France – the Ideal Land
France owes its leadership in grain production to a combination of factors. Its favourable climate, great soil variety, and favourable regulatory framework allow the actors in the industry to carry out their activity unhindered and constantly perfect their know-how.
Favourable Soil and Climate
France’s rich diversity of soil and climate conditions plays a major part in the growers’ performance and is a production warrant to seed companies.
French soil typology includes about 60 percent silty clay loam, 25 percent clay loam, and 15 percent light sands. French agriculture operates under three climate types: continental, oceanic, and Mediterranean. The main production areas are concentrated in the west and south of France: Pays de la Loire, Centre-Val de Loire, Nouvelle-Aquitaine, Occitanie, Provence-Alpes-Côte d’Azur, Auvergne -Rhône-Alpes, Bourgogne-Franche-Comté, and Grand Est.
This diversity is at the root of two unquestionable assets: the ability to spread and limit production risks, and to meet the demands of a market that is increasingly segmented. Thus, the geographic distribution of France’s production fields – and, in particular, their being 100 percent irrigated – considerably reduce climate-related risks. This optimal risk management is what makes French agriculture one of the most consistent in the world.
Favourable Policies and Regulations
Two factors determine the quality of French maize grains: the country’s regulatory framework, on the one hand, and the actual system in place, which the public administration and the professionals in the field use to implement the framework.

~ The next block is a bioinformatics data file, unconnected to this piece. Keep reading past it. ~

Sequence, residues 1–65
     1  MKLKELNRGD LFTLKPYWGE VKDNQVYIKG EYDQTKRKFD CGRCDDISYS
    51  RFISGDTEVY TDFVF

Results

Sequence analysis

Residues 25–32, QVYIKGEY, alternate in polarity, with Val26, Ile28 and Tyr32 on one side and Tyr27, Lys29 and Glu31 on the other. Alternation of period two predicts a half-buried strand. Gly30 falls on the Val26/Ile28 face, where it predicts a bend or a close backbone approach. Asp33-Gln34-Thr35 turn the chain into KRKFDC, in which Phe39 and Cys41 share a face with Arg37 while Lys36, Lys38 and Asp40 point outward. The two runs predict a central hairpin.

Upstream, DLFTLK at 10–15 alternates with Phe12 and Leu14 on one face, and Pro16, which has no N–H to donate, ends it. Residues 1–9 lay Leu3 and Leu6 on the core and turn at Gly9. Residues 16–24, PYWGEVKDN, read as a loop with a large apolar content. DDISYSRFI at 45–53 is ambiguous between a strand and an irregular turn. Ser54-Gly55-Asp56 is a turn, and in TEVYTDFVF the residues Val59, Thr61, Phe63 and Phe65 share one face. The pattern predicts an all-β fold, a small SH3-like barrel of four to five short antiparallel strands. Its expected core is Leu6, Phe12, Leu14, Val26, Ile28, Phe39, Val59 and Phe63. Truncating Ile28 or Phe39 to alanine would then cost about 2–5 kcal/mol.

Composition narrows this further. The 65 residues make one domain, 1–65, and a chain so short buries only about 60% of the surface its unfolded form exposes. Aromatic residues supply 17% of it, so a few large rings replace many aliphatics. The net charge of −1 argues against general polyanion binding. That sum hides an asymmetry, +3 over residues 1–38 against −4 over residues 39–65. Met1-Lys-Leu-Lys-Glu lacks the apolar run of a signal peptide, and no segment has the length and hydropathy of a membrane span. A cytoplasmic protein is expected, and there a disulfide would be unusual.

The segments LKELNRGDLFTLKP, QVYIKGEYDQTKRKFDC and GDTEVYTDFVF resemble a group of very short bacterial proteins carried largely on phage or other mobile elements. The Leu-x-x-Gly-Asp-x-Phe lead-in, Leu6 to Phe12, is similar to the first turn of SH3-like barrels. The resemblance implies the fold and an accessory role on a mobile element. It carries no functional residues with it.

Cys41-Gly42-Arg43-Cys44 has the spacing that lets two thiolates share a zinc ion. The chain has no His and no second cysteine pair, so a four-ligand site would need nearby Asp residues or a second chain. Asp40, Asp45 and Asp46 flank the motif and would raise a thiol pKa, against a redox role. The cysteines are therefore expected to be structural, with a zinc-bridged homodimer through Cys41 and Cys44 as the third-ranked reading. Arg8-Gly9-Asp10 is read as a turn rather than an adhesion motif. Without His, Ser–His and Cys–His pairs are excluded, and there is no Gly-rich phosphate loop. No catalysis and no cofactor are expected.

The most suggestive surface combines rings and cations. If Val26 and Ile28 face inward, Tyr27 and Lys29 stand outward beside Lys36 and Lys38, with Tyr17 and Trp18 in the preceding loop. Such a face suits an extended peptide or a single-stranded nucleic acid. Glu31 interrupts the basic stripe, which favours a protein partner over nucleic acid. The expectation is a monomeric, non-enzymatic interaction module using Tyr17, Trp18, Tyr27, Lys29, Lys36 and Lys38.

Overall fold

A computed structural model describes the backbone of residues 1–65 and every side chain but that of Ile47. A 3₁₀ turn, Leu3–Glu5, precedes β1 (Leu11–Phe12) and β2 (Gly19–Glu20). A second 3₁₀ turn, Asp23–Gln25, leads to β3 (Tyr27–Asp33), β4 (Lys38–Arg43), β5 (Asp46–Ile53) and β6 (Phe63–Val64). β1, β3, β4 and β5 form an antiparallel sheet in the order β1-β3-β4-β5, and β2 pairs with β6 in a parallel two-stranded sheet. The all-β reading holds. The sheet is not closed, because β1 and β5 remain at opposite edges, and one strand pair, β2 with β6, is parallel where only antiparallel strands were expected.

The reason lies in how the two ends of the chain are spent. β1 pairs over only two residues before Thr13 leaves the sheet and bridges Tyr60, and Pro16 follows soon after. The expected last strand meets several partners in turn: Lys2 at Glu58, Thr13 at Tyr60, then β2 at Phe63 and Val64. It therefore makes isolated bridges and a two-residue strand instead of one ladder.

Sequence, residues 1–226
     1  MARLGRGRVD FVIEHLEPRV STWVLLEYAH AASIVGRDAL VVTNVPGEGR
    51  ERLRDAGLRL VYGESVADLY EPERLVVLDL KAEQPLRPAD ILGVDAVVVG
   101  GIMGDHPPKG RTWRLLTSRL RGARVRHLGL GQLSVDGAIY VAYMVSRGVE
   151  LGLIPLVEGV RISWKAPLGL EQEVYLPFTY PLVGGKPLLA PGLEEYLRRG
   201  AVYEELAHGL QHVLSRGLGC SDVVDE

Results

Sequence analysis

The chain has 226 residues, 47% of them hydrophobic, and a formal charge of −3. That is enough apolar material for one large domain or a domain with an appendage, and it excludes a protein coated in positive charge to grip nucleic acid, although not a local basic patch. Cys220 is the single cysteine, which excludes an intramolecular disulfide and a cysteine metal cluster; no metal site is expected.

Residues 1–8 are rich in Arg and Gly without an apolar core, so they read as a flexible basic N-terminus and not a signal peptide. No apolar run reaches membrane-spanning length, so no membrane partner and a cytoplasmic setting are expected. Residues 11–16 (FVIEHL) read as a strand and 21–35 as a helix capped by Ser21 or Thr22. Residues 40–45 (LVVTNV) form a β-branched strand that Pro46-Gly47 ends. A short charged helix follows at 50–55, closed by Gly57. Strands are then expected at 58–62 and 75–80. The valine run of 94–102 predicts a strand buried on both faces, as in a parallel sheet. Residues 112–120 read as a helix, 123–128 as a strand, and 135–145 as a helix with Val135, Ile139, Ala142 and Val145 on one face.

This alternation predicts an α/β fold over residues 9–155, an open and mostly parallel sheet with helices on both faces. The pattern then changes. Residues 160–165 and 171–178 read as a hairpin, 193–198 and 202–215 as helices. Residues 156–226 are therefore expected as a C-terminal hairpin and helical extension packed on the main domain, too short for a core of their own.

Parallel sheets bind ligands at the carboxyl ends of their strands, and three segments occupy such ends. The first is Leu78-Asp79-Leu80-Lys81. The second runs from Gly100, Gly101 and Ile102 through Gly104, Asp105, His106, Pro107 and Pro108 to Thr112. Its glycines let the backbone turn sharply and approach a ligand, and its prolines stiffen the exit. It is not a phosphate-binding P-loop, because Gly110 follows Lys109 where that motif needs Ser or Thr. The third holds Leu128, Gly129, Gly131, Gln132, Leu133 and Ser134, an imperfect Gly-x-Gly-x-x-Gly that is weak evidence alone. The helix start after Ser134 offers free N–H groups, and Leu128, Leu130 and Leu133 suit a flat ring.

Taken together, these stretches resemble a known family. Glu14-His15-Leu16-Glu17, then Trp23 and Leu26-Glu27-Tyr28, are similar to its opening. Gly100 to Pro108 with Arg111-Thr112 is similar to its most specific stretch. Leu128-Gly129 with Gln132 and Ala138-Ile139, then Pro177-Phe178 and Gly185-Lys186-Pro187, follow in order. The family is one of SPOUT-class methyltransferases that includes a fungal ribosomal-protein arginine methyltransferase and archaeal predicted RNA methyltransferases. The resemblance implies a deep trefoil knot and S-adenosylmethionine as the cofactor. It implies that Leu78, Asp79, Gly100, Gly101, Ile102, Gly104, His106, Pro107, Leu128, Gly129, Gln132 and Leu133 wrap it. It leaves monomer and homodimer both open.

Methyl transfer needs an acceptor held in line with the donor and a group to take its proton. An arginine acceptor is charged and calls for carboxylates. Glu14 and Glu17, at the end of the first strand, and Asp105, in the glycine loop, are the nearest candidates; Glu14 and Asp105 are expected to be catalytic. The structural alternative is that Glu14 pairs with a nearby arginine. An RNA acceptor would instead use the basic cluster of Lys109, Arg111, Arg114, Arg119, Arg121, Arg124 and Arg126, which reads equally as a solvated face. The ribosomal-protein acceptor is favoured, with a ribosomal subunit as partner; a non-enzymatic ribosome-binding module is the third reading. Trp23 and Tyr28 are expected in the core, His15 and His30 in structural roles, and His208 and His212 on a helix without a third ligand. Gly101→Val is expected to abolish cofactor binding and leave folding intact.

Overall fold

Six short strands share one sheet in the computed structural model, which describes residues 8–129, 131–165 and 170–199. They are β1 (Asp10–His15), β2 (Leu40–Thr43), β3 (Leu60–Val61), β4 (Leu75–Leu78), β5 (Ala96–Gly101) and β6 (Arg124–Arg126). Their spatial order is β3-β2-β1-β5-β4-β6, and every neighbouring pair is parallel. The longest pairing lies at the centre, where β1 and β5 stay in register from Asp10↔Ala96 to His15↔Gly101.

Through a certification system, the French Ministry of Agriculture enforces specific quality standards, which are among the strictest in the world. Thus the French maize grain industry is organised around observing this regulatory framework and is therefore structured accordingly.
Moreover, France is a signatory to the UPOV (International Union for the Protection of New Varieties of Plants) Convention, which warrants all safeguards in terms of genetic material protection. Specific descriptions of the genitor characteristics – required to all those who apply for a new variety certificate – secure the seed producers’ rights, preventing the uncontrolled distribution of the genetic advances in question.
The strict regulatory framework and the strong relationship that exists between the industry and the public authorities constitute additional guarantees to breeders, who find France to be a stable and completely favourable environment for the production of seeds with high added value.
Actors Hold Specific Responsibilities Within an Inter-professional Organisation
As early as 1950, a number of major maize professionals and cooperatives in Southwest France set out to establish the country’s maize grain industry. After having discovered in the U.S. the entire potential and the prospects offered by hybridization, they decided not to import maize seed hybrids, but produce them in France. The strategy was quick to stimulate and accompany a subsequent development of grain and feed maize in France and throughout Europe.
The F.N.P.S.M.S (the French National Federation of Maize and Sorghum Grain Production) members include both growers and seed producers. This inter-professional organisation is a hub for all discussions around the development of French maize seed production. It is unique in the world and it allows France to strengthen its leading position in Europe and remain the world’s first exporter of maize grains.
The farmers’ and producers’ active participation inside the representative organisations ensures the network’s excellent homogeneity. The members’ backgrounds cover a wide range of technical, agronomic, and economic expertise and thus feed into a knowledge pool that is indispensable to the production development.
This operational approach reflects the inter-profession’s strongly future-oriented philosophy. Furthermore, the tight links that actors maintain with one another ensure a work environment that is conducive to high-quality production. Every member has a clearly-defined role and the common objective – which is to obtain excellent quality grains – is the engine of that partnership.